Month: November 2019
Soldier, Ask Not – Gordon R. Dickson
Soldier, Ask Not
This story begins with a somewhat self-conscious “Sing, muses….” as Tam Olyn explains himself and his particular wrath. Tam Olyn is angry: at his psychologically abusive guardian, at the society that actually doesn’t but could potentially oppress him, at his lack of options and his tenuous grasp on freedom–but Tam Olyn is a rare and isolated kind of special human being–he can do something about it. Tam discovers that he is actually one of the few people who can stand apart from the herd and direct its actions. He can make people do as he wants. He can change the course of history. He is one of the elite brotherhood of Men whose power can be exerted to uplift mankind itself, to bring it to new heights of knowledge and understanding, unity, peace, prosperity!
He…promptly uses this newfound knowledge to manipulate his sister into not marrying the man she loves, and works up to starting a war, and attempts to commit genocide. (So, y’know, par for the course for a journalist.) Tam has been too twisted by his nihilistic uncle’s mental abuse–too turned towards destruction–to have a shred of empathy for his fellow human beings. On top of this, there is a matter of jealousy–and competition.
As humanity spread to the fourteen worlds, each world became specialized–and their populations diverged, first by selection, and then by genetics. Thus the Exotics have developed, as a race, parapsychic powers and strange scientific methods of seeing the future. Thus, the Newtonians and Venusians breed the best scientists and physicists. Thus, the Friendlies are Religious in a way that makes the Puritans look like poseurs. And thus the Dorsai are the ultimate Warriors, bred to it as well as born. Earth and Earth-men, however, does not have the benefit of these genetic developments. Earth is the seedstock; the colonists are the improvements.
–And Tam, in his rebellion against the cosmos, takes issue with the idea that any man might be better than him…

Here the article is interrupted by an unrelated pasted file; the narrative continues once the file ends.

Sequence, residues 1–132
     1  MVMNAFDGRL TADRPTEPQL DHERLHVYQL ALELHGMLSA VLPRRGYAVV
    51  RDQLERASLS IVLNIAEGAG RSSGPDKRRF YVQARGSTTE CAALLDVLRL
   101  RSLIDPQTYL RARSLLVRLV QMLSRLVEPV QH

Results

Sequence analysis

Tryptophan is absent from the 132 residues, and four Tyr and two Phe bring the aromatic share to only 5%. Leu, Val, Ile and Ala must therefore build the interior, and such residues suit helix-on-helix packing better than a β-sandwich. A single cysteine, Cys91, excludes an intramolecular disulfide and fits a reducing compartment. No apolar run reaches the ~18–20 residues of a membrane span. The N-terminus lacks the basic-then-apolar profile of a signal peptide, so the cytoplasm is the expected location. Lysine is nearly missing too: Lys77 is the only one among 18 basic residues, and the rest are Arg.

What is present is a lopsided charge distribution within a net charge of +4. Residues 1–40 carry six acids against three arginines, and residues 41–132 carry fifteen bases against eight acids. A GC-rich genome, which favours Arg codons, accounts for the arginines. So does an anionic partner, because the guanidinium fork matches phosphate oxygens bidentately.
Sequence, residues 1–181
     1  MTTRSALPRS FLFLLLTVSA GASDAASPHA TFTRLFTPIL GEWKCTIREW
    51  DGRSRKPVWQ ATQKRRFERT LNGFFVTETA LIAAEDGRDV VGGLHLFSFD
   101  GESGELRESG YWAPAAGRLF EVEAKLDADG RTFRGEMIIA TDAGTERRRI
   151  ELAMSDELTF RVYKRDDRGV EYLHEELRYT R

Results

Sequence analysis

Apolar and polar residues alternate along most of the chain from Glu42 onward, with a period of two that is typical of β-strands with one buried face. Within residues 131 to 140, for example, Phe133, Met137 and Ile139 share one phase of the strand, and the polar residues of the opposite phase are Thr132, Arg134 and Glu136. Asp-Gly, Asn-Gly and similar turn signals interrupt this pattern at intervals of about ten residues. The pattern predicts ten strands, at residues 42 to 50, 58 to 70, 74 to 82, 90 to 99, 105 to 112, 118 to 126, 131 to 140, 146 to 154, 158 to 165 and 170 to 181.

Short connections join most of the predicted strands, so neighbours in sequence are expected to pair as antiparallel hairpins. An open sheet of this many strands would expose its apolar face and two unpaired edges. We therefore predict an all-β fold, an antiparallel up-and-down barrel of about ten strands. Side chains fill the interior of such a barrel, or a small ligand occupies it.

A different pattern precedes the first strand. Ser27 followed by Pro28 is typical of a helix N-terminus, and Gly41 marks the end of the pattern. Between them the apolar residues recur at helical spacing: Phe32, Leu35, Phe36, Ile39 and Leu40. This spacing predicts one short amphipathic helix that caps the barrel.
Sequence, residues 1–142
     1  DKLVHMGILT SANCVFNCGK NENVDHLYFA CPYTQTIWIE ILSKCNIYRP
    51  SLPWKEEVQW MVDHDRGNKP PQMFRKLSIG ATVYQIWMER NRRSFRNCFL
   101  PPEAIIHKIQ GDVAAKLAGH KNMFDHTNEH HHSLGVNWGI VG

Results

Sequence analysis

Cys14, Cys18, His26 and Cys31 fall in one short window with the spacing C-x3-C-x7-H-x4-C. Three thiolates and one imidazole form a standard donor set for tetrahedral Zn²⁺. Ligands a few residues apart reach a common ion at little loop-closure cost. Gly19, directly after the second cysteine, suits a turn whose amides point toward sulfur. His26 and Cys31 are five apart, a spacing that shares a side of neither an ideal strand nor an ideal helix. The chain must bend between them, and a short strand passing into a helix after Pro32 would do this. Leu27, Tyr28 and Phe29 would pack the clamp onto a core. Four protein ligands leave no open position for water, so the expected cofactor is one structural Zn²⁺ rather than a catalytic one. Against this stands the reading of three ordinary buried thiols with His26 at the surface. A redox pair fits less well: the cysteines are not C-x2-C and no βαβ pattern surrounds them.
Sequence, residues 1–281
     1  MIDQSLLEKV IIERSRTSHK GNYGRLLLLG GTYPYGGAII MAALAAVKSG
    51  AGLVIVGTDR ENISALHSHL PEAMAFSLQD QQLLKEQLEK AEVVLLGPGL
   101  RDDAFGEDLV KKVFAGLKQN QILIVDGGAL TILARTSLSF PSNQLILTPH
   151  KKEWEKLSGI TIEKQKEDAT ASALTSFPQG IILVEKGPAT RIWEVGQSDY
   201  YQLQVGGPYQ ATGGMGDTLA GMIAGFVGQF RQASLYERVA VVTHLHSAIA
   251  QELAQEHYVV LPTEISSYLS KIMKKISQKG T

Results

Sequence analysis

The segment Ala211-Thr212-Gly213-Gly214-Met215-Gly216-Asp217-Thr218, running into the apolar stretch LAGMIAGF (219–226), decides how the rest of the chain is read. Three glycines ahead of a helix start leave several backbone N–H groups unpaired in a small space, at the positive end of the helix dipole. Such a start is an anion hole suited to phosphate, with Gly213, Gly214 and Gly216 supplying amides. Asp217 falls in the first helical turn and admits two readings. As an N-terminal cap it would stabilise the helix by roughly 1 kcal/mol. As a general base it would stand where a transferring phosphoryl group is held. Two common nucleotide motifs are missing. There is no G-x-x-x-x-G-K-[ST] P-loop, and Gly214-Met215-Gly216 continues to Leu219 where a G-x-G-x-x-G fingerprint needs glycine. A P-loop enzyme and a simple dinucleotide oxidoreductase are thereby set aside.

And at this point, I am done writing. I apologize. I’ve been pulling ten-hour shifts for the last week, all of it outdoor labor, and barely have the energy to read books, let alone review them. Please just know that this is a very good book, especially if you are or have ever been an angry teenager who wanted to Stand Apart from all Those Fools and be the wielder of the lightnings, rather than one of the little people who runs before the storm.
Rated: Have faith–and soldier on.
Spinning Silver – Naomi Novik – reReview
Since I was so disappointed with Uprooted, I wondered if Spinning Silver was going to hold up to a re-read. To my surprise, it did. This time, I figured out exactly what in it appeals to me: it’s the romance. No, no, wait, come back, I didn’t mean it that way, really, honest! I like action, I like fight scenes! I do! Honest! Come baaaaack….!
You see, it’s a simple theme: Beauty tames Beast. Miryem, after a rough start with the hero, establishes herself as his equal, tempers his disdain, and wins his respect and full affection. But: she doesn’t do in the usual way–by virtue, patience, and passive strength of will. She does it by taking action and forcing the belligerent male to acknowledge her worth. She’s a competent, active heroine and she gets a heroine’s role—saving the day—and a heroine’s reward.
This said, my initial complaints remain and are even intensified. Writing a fairy tale is good. Writing a fantasy political thriller is good. Writing a romance is good. Tying them together is cool. Having the ability to weave them seamlessly and effortlessly into a story that fits, flows, portrays, entertains, and enlightens? Is just tantalizingly beyond Novik’s reach.